After you are greeted by your English speaking driver at your hotel, you will make your way to Kerameikos, the biggest and most important necropolis in Athens.
Kerameikos (from which the English word ”ceramic” is derived) was named after the community of the Kerameis (potters),which in turn derived its name from the word Keramos (pottery clay), who occupied the whole area along the banks of river Eridanos.
The walls of Athens, which were constructed in the 5th century B.C. by Themistokles, divided te area into two sections: The Inner Kerameikos which was the potter’s quarter of the city and τhe Outer Kerameikos of an important cemetary and numerous funerary sculptures erected along the road out of the city towards Eleusis. It also covers the public graveyard (Demosion Sema) where Pericles delievered his funeral oration in 431 BC.
The wall had two gates, Dipylon and the Sacred Gate, placed at the outset of the most important processional roads of Athens, the Panathenaic Way which led to the Acropolis, and the Sacred way which led to Eleusis along which the procession moved for the Eleusinian Mysteries.
The finds from the excavations of Kerameikos are exhibited in the Museum of Kerameikos and the National Archeological museum.
After your visit to Kerameikos ends,we start our drive towards western Attica (optional short stop at Plato’s Academy along the way) to reach the Athenian suburb of Eleusina, one of the most important archeological religious sites in the world as it was the home of the Eleusinian mysteries,as well as, the birthplace of Aeschylus, the father of Tragedy and Drama.
From as early as 1700BC up to the 4th century AD, Eleusina was the site of the Eleusinian Mysteries, or the Mysteries of Demeter and Kore. These Mysteries revolved around a belief that there was a hope for life after death for those who were initiated. Such a belief was cultivated from the introduction ceremony in which the hopeful initiates were shown a number of things including the seed of life in an ear of corn. The Mysteries are attributed to Demeter and her duaghter Kore, or Persephone, and were created while Demeter searched for her lost daughter who had been abducted by Hades.
After a lunch break, we will drive back to Athens to our next destination, the National Archeological Museum of Athens which is the largest Archaeological museum in Greece and one of the most important museums in the world devoted to ancient Greek art.
The museum’s collections are organized in sections:
- Prehistoric collection (Neolithic,Cycladic,Mycenean)
- Sculptures collection
- Vase and Minor objects collection
- Santorini findings
- Metallurgy collection
- Stathatos collection
- Vlastos collection
- Egyptian Art collection
- Near Eastern Antiquities collection.
Alternative Tour Options:
There are so many other things to see in this area. Keep in mind that your driver is at your disposal, so if you would like to adjust the proposed itinerary at all, just let him know!
- Comfortable clothing and sensible, flat-soled walking shoes are recommended. Sun glasses and sun screen are suggested.
- Walking: Difficult.To climb up to the Acropolis, guests must be able to walk over paved, inclined paths, some with steps, then climb a series of steps to reach the propylea. The walking surfaces on top of the Acropolis are uneven.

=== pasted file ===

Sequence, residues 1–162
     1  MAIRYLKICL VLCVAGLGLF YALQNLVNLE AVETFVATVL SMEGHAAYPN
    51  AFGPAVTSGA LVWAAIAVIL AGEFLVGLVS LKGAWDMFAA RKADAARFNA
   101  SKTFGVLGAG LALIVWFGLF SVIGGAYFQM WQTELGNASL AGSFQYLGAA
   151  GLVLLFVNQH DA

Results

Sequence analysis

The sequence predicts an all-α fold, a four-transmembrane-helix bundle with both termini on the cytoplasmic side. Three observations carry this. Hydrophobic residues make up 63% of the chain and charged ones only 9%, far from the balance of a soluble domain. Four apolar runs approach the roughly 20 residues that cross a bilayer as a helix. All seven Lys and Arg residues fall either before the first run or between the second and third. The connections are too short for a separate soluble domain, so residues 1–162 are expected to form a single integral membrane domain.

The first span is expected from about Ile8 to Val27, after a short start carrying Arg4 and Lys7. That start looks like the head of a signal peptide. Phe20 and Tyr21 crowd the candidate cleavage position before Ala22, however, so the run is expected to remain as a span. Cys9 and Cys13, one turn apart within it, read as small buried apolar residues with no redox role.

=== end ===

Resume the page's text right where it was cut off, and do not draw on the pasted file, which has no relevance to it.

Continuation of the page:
- Disabled access at the Acropolis is provided by a wheelchair stair climber lift elevator.Please do keep in mind that this is an elevator strictly available to disabled visitors only.
- visitors using a wheelchair or some other kinetic equipment,
- visitors with some kind of physiopathological situation that affects their kinetic ability either permanently or temporarily and
- visitors that have a certified rate of disability whether this is affecting their kinetic ability or not.
- The New Acropolis Museum is closed on Mondays. On this day you will visit instead the National Archeological Museum
- The order of the sites may change due to crowds, traffic and demonstrations.
- Photography is permitted throughout the tour except for the Gallery of the Slopes of the Acropolis and the Archaic Gallery, at the New Acropolis museum.
- We do our best to ensure that every stop described is available for your visit. There are some times when a site or building is closed at the last moment with little to no warning. We assume that those in charge make those decisions based on external information and for the visitors’ safety and we apologize when this causes inconvenience and disappointment.
- It’s always a great idea to bring a bottle of water and sunscreen with you because in the warmer months it becomes quite hot and sunny.
- A hat to protect your head and shade your face is also recommended when spending a significant amount of time in the sun.
- The area around the Acropolis Hill and Syntagma Square (changing of the guards) can become quite crowded, especially during the peak travel months, so be aware of your surroundings and keep your belongings close to you.
- Do not accept ‘gifts’ from street vendors approaching tourists. They may offer you roses, but if choose you accept, you will be expected to pay or give a tip for them.
Did you Know?
That the Antikythera mechanism is an ancient analog computer designed to calculate astronomical positions? It was recovered in 1900–1901 from the Antikythera wreck, but its significance and complexity were not understood until a century later. The Antikythera mechanism and one of its latest reconstructions is kept today at the National Archaeological Museum of Athens.